Propagated by stem cuttings, but seed produced in the tropics assist in the production of cvs through hybridization. Lime in the soil is considered beneficial for the proper development of the sugar content of the canes. Manuring is indispensible as the crop is an exhausting one. It is generally grown for many years in the same ground, without rotation or rest.


Harvesting


Harvesting commences, according to the cv and climate, 12–20 months from time of planting, the canes becoming tough and turning pale yellow when ready for cutting. They are cut as close to the ground as possible, for the root end of the cane is the part richest in sugar. The rhizomes will continue to crop for at least 3–4 years, sometimes up to 8 or more years (MacMillan, 1925).


Yield and economics

Sugarcane is cultivated in all tropical and subtropical regions. In terms of biomass harvested (and transported), sugarcane is the world's largest crop with 691 million MT reported in 1977/78 (Irvine, 1981). In 1974, there were 592 million MT cane; 434 milk; 354, wheat; 324 corn, and 225 million MT rice in world production (Irvine, 1981). In 1976, sugar consumption in the US was almost 10 million tons (43 kg per capita) (Ricaud, 1980). In Louisiana alone, the 1976 crop was worth $86 million to the grower, and another $134 million at the processing, refining, and distribution levels. The theoretical maximum yield is 280 MT/ha/yr cane and seven countries average more than 100 (Colombia, Hawaii, Iran, Malawi, Peru, Rhodesia, and Swaziland). Australia, on small plots, has attained more than 75% of the theoretical maximum.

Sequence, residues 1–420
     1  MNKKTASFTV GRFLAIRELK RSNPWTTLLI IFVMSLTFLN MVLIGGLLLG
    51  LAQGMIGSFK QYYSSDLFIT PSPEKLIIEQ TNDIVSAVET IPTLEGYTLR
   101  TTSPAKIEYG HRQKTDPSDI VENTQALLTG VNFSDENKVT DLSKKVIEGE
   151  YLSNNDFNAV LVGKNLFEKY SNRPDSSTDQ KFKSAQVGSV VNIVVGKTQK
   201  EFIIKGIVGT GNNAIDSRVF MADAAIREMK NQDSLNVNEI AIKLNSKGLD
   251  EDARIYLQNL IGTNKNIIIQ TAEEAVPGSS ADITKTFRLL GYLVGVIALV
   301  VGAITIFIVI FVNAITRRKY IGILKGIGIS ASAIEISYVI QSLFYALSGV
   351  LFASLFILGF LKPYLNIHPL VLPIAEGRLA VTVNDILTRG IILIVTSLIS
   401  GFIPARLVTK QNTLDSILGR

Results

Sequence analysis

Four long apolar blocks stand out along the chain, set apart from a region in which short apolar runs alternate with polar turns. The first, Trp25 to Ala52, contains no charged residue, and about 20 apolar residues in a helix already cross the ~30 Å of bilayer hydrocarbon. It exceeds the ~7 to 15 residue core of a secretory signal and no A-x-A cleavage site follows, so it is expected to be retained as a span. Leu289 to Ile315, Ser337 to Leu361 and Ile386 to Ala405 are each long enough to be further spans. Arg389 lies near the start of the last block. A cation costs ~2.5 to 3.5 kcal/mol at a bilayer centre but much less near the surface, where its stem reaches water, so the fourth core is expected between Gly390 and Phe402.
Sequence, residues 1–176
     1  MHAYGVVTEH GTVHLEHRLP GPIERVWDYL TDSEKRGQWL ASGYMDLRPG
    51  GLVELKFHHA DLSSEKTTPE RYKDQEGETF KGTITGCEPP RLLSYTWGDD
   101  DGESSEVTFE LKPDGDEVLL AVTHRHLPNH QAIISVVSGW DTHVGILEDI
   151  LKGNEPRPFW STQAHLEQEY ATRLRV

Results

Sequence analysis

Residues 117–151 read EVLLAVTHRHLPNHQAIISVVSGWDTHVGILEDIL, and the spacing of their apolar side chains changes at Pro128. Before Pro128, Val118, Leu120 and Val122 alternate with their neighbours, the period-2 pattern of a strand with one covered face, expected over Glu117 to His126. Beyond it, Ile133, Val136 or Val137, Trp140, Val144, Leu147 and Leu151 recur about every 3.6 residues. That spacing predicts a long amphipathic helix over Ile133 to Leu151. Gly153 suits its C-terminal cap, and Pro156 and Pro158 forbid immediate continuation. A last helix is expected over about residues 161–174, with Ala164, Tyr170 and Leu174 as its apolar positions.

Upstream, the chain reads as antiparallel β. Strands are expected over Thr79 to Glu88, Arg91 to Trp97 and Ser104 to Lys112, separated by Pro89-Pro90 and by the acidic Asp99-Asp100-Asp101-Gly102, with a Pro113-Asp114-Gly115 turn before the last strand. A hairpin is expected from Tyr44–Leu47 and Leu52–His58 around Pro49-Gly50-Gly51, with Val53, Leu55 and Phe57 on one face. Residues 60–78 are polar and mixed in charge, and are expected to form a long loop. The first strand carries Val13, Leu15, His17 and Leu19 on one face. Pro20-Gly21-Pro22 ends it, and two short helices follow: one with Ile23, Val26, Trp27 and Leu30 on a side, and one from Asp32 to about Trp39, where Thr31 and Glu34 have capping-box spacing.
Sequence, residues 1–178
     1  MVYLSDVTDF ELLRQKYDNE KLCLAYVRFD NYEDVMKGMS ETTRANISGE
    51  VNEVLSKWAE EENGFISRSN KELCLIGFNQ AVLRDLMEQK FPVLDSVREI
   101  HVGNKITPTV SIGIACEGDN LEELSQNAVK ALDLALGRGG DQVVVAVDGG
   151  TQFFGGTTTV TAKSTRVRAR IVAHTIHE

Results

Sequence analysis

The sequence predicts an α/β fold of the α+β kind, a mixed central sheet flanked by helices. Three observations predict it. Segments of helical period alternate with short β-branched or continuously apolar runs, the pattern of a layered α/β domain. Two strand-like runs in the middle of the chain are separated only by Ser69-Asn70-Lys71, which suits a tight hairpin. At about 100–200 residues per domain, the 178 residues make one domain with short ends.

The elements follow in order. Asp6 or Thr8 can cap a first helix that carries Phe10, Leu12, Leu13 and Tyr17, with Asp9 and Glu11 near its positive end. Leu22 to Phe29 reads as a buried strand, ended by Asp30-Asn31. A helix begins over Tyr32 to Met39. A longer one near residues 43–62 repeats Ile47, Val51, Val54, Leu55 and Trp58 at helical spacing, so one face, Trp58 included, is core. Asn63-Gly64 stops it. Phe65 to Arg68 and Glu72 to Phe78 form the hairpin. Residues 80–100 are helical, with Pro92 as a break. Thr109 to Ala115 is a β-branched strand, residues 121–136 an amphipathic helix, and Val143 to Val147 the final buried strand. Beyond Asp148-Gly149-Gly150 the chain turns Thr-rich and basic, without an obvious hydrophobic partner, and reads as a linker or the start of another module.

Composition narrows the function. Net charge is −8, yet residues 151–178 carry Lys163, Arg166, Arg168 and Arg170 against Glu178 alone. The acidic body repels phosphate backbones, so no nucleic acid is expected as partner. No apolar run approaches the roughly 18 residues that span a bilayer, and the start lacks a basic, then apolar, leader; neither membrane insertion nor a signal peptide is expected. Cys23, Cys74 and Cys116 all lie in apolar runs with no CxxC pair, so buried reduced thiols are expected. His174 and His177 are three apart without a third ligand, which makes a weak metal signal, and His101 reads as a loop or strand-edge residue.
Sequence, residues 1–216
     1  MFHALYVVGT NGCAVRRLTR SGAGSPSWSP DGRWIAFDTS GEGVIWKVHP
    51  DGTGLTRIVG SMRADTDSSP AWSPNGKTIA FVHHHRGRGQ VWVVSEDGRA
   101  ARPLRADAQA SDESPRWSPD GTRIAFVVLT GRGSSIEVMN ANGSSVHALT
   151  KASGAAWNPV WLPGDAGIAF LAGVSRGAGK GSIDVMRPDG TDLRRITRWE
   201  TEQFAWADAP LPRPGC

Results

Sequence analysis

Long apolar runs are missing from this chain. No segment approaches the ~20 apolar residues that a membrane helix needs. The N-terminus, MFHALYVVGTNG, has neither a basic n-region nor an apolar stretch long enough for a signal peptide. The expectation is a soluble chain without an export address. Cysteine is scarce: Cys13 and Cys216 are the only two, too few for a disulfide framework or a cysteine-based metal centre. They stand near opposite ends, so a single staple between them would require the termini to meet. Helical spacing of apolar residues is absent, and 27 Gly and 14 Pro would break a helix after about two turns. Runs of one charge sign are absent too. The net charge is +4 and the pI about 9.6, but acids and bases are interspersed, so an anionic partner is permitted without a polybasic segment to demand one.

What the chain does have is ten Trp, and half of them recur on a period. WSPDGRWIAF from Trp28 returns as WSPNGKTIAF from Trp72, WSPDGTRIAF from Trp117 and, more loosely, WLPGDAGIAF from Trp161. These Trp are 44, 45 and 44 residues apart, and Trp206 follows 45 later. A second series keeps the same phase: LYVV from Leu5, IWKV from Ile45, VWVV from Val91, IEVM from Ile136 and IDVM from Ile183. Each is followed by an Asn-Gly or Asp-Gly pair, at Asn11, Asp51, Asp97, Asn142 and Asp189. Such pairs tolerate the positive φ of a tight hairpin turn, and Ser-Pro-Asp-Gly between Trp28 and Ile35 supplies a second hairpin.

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weight 9.99 lbs